For two days now this stock has failed to break past the peak (blue line) of the right side of the orange cup that then provided a handle with a depth of 15%. I don't know. When I worked on the trading floor, other traders and I used to bounce ideas off of each other. Well, this is our trading floor, and you are my other trader. What do you think?
Hmm. Came across this small cap in my never ending equity finding search for quality. Ever hear of Advanced Emissions Solutions (ADES) ? You may have. They have been around since the early 2000's. This firm is a holding company for a group of subsidiaries that provide emissions solutions to the coal fired power industry as well as to the industrial boiler and cement industries. To tell you the truth, I noticed the chart first, then I noticed that fundamentally. I thought this firm to be in pretty good shape as well. Though the last sale is just a tad too expensive for me to place in the "Stocks Under $10" portfolio that I manage together with my colleague, Chris Versace, I think this name might be geared toward that same kind of investor.
There are some negatives, such as a high debt-load, which may be why the shares trade at 3 times projected earnings. Interestingly though, levered free cash cash flow is negative, margins are not. Sales growth has exploded higher over the past two quarters, as has profitability. In terms of growing the business, and return on equity, this firm has momentum. However, Relative Strength has lagged. There are two possibilities. Either the name is set up for a pop, or I am wrong. Did I mention the 7.7% dividend yield? Is that dividend safe? Tough question, but it might be. At an annual rate of $1.00, the dividend would be 29.5% of the firm's projected 2019 EPS of $3.39. That's well down from where it was in 2018 when the firm kept paying shareholders, and a lot less than it would be if the firm can meet EPS expectations of $4.99 for 2020.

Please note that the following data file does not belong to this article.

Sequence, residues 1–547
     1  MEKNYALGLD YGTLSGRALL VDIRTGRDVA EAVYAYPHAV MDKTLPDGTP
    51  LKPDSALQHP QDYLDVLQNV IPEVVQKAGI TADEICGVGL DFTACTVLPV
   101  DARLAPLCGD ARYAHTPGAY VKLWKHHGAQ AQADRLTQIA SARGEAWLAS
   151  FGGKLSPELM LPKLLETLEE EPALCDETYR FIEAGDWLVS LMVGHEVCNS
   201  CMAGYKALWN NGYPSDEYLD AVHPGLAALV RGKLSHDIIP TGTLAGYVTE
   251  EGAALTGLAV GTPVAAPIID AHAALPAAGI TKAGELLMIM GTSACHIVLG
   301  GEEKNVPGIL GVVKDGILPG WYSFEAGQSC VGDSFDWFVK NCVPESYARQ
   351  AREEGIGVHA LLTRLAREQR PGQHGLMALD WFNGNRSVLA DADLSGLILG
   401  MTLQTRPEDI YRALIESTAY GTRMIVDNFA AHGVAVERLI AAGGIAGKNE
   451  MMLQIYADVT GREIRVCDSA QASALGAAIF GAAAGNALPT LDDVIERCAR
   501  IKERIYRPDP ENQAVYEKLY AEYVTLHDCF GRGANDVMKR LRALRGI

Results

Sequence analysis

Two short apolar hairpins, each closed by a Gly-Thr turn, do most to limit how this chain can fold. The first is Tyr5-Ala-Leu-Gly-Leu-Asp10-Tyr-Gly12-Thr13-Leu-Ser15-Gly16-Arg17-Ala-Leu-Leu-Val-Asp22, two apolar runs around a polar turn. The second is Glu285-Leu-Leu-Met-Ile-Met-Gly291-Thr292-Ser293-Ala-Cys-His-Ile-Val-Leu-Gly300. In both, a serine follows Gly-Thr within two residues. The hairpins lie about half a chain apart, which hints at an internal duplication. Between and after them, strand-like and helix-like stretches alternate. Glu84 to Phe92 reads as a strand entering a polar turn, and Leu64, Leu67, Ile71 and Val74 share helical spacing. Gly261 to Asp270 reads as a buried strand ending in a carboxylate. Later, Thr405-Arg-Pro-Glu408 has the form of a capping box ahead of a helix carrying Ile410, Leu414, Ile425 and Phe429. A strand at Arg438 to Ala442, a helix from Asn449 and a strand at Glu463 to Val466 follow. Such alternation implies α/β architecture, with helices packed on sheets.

I see an "ascending triangle." That's in blue. Others might see a "Flat Base." (Orange support.) Either way, this name is closing in on a potential pivot that either shows up as resistance for a third time, or opens the door for a move up into the $16 /$17 area. Small potatoes? I have never looked at 23% as small potatoes. I'm probably going to grab a few of these after this article publishes.
Economics (All Times Eastern)
08:30 - CPI (May): Expecting 1.9% y/y, Last 2.0% y/y.
08:30 - Core CPI (May): Expecting 2.1% y/y, Last 2.1% y/y.
10:30 - Oil Inventories (Weekly): Last +6.771M.
10:30 - Gasoline Stocks (Weekly): Last +3.205.
13:00 - Ten Year Note Auction: $24B.
Today's Earnings Highlights (Consensus EPS Expectations)